Lastly, we want to thank BC Hospitality Foundation for matching the donations to $5,000, and Samatha Rahn for presenting the cheque as well as donating her namesake wine to the event.

Our event volunteer fundraising team started as a random group of people who cared for this family, and now we have become lifelong friends. We are proud of what a small group of people can accomplish when everyone is willing to donate a little of their time or a little of their possessions.

We have been reminded that living in this exciting world of flavour, fun, and friends is nothing without life's greatest asset: time. So thanks for the time, Whistler. You really are inspiring, awakening and beautiful.

If you were unable to make it to the event, and would like to learn more or how to contribute to this lovely family, you are welcome to visit: www.gofundme.com/help-julie-a-new-mom-fight-breast-cancer.

Nikki Best and Terry Clark // Whistler

Mature Action Community AGM and Spring Fling

The Mature Action Community (MAC) had its AGM in April with board members Stacey Murl, Bob Calladine, and Rosemary Cook ending their six years on the board.  

John McGregor, Charalyn Kriz, Jody Wilson and Arlene Egido all stepped up to become new board members with Kathy White at the helm.  

We are sure this will be the beginning of a new day for MAC as MAC also secured a Community Enrichment Grant from the RMOW for 2019 and will be working towards an "Age Friendly Community" with a new strategic plan going forward.MAC started the new year with a Spring Fling Dinner at the Alpine Cafe with great giant-flower decorations provided by one of our ex-board members, Janice Lloyd. Everyone enjoyed the great dinner put on by Martini for a very reasonable price.  We'll be back again soon!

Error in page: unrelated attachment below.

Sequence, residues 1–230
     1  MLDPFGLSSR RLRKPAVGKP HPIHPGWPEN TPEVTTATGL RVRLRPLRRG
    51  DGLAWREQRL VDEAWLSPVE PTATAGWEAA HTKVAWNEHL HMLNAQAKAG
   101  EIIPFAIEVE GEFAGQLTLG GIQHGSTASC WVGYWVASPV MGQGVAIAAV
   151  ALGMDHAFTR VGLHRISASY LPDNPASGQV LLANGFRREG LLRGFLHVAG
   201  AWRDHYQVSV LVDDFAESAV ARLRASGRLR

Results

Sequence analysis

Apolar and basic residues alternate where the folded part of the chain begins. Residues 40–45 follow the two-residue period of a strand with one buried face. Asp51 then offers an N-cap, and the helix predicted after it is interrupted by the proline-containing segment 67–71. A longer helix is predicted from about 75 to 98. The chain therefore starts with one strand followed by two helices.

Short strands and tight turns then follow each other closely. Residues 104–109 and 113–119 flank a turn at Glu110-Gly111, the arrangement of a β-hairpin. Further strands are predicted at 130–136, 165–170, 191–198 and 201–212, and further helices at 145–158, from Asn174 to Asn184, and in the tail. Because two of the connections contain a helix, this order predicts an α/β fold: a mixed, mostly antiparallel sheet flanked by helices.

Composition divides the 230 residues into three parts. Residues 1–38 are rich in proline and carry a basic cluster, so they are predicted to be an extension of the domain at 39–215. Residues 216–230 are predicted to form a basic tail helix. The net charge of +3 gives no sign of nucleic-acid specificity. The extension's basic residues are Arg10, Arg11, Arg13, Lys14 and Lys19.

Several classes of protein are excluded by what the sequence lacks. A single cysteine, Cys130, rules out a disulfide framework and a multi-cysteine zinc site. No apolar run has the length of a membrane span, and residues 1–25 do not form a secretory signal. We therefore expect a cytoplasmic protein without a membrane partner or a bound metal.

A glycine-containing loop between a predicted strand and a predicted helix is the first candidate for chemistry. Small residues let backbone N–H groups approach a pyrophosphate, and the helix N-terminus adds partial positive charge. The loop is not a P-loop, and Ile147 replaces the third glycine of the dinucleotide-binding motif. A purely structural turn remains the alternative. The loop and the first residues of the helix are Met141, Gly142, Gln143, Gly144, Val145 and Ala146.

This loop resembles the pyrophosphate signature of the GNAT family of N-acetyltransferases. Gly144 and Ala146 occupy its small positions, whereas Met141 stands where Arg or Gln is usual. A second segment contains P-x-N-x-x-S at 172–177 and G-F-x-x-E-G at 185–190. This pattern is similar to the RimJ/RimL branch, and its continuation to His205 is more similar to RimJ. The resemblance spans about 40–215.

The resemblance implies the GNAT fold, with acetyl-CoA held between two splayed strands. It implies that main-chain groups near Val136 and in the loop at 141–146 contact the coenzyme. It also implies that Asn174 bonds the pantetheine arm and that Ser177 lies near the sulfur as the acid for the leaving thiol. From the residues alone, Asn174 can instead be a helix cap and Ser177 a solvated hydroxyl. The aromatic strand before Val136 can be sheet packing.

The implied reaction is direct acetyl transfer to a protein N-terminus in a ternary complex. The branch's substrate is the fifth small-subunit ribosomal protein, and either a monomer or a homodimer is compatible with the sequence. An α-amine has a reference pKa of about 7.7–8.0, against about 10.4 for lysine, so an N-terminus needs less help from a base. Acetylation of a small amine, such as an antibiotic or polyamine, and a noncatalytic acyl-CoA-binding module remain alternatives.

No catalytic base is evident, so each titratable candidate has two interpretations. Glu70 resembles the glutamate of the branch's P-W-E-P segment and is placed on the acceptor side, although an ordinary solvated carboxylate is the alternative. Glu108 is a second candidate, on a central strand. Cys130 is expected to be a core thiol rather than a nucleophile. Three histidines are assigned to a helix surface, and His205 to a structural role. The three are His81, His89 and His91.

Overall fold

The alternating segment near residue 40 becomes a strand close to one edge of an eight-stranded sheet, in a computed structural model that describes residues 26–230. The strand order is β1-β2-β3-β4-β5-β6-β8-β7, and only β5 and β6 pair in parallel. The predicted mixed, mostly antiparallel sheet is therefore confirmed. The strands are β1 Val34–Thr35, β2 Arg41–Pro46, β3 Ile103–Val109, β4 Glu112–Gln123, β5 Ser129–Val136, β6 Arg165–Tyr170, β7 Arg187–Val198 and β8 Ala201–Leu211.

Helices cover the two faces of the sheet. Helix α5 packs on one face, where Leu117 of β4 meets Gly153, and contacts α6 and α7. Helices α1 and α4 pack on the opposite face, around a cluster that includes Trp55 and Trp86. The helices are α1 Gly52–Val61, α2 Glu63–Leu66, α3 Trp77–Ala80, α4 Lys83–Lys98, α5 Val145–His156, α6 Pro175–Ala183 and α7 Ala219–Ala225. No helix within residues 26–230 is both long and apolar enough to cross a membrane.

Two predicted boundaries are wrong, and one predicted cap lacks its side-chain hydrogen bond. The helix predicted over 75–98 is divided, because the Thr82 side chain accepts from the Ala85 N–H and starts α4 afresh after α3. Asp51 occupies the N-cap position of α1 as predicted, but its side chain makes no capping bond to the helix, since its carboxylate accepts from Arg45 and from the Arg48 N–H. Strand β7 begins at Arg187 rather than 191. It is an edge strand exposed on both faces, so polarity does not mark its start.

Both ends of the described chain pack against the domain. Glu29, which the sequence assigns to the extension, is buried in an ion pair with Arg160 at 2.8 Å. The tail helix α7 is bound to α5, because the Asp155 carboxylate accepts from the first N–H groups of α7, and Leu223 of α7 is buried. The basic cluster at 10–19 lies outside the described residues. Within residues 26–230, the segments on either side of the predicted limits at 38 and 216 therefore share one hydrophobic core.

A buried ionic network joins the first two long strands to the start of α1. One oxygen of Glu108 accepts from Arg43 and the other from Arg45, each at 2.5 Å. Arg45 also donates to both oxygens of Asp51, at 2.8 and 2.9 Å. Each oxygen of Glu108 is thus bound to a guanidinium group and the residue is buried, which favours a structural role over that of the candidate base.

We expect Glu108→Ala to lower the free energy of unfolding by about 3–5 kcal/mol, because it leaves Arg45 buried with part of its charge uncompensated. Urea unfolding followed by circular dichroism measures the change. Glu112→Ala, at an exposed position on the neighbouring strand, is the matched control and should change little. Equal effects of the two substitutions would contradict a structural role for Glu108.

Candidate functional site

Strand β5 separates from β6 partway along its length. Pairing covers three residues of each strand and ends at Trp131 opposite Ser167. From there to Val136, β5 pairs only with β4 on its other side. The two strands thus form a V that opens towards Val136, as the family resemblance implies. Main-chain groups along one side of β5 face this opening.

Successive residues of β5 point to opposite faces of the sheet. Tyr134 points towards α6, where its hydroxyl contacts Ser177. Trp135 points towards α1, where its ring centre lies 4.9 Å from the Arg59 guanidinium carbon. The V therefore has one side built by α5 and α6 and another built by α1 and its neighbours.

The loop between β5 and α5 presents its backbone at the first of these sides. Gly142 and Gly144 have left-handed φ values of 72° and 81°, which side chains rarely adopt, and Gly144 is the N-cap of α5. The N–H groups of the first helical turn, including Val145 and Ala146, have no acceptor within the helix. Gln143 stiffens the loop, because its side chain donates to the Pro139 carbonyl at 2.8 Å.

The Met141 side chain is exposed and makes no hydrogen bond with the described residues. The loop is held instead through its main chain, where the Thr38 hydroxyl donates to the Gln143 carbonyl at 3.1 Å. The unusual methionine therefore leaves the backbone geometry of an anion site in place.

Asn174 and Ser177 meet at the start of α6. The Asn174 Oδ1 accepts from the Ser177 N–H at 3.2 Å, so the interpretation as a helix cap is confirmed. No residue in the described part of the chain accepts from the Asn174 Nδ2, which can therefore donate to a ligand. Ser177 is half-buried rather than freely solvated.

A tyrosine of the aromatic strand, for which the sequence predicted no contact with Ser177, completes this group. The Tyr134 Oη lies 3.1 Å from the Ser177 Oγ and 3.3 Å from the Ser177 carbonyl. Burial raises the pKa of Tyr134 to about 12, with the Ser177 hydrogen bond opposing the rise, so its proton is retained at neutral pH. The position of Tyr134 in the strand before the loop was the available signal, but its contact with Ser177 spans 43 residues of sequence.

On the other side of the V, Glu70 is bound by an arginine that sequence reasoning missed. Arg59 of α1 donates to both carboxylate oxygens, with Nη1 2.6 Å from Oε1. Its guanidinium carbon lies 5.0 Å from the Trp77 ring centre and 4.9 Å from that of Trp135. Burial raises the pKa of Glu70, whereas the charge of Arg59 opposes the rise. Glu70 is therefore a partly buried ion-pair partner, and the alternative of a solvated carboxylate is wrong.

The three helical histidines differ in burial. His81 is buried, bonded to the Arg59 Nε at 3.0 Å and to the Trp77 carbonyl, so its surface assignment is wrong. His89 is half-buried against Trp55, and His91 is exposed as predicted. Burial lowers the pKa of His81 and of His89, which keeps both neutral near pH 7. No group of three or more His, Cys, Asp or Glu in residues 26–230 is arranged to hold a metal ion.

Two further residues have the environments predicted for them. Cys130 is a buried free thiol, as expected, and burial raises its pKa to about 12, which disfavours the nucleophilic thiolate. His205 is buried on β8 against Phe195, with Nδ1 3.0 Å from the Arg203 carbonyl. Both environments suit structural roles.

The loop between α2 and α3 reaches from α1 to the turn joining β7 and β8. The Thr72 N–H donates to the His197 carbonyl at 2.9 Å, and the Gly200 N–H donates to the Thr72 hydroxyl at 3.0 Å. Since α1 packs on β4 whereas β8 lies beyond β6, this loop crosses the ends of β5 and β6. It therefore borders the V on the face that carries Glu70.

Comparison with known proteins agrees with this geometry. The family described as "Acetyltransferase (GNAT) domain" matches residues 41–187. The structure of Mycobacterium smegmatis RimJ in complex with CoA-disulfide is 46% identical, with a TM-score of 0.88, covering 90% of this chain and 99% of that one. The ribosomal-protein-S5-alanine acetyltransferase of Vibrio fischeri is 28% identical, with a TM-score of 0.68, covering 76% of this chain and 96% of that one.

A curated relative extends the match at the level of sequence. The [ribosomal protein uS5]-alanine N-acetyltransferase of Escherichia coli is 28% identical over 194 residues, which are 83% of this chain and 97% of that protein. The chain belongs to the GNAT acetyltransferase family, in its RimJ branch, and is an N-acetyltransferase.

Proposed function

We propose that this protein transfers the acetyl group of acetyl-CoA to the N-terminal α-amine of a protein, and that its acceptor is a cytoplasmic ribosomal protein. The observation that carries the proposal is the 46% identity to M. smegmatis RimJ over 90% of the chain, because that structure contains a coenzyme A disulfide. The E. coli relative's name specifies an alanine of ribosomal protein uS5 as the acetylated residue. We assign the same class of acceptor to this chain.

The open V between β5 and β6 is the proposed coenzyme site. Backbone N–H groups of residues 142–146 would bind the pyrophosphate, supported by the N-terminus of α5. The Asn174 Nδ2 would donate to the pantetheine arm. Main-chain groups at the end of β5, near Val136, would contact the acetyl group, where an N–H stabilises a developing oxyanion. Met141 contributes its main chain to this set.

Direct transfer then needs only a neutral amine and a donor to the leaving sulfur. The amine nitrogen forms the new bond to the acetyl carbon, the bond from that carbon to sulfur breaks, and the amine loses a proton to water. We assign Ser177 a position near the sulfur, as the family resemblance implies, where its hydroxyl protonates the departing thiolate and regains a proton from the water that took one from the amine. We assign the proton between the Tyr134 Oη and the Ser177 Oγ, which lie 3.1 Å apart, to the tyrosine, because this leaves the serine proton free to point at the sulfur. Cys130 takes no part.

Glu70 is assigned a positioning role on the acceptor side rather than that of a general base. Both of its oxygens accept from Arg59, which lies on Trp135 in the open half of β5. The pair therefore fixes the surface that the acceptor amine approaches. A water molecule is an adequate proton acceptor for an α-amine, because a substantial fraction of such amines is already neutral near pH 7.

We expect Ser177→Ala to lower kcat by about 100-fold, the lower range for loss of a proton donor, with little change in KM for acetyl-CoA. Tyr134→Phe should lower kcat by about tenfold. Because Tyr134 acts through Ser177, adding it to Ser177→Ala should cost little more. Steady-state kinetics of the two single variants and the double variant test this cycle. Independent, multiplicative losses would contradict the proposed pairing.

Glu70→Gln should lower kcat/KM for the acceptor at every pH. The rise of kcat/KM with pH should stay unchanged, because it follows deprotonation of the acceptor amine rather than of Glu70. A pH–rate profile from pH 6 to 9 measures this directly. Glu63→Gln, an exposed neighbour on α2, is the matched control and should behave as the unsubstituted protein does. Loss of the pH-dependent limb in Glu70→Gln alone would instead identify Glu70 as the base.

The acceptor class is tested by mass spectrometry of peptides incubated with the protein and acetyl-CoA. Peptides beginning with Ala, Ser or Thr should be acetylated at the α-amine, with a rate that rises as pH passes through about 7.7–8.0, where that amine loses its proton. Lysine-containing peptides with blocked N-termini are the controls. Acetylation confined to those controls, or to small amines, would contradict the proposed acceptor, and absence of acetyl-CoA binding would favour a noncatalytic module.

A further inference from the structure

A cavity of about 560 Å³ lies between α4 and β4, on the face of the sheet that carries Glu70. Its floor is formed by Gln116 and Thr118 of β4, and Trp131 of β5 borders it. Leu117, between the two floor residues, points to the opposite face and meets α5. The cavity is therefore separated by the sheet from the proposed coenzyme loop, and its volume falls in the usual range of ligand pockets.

Stacey Murl, past chair, MAC // Whistler

Book sale success

The Friends of the Whistler Public Library would like to thank the Whistler community for its generous support for our Used Book Sale on May 18.

We raised $4,017 to fund our programs for children and adults.

Special thanks to our enthusiastic volunteers who donated, collected, sorted, transported and sold books, and to Kima and Tony Grieve for providing our worksite.

Our appreciation to IGA Marketplace for hosting the sale, to Nesters Market, Creekside Market, TD Canada Trust and the Whistler Public Library for being donation sites, to the library staff for their assistance and Pique Newsmagazine for its advertising.Please visit the Friends Plant Sale on Saturday, June 8 from 10 a.m. to 1 p.m. on the Library's plaza. Herb pots, lettuce pots, perennials, bulbs and annuals will be available.Happy summer reading and gardening!

Susan Annand // Whistler Friends of the Library

Supporting those fighting cancer

On behalf of Families Fighting Cancer In The Sea To Sky (FFCSS), I would like to thank all of the enthusiastic supporters who came out to Buck Cancer 2019 at Dusty's on April 27.

It was a sold-out event raising more than $13,000 that will help assist families in need living through cancer in the Sea to Sky corridor.

This year's event added axe throwing and a firefighter challenge to the fun and the ever-popular mechanical bull! The silent auction was a huge success thanks to the generous donations from many Sea to Sky businesses and individuals who are far too many to mention here.

Please go to FFCSS's website www.familiesfightingcancer.ca under events to see a complete list of supporters, or visit our Facebook page and then give us a "like."

There are a few special thank yous that FFCSS would like to make to Forged Axe Throwing, Walsh Restoration, Dusty's Bar and Barbecue, SAXX, Ryan Donohue, Tina Symko and Dean Albrecht. It is through your generous sponsorship and assistance that we were able to create such a fun and profitable event!

FFCSS will gratefully look forward to continuing to provide financial assistance and other support where we can thanks to the Sea to Sky corridor communities' generosity.

See y'all next year at Buck Cancer 2020!

Lisa Geddes // Co-founder FFCSS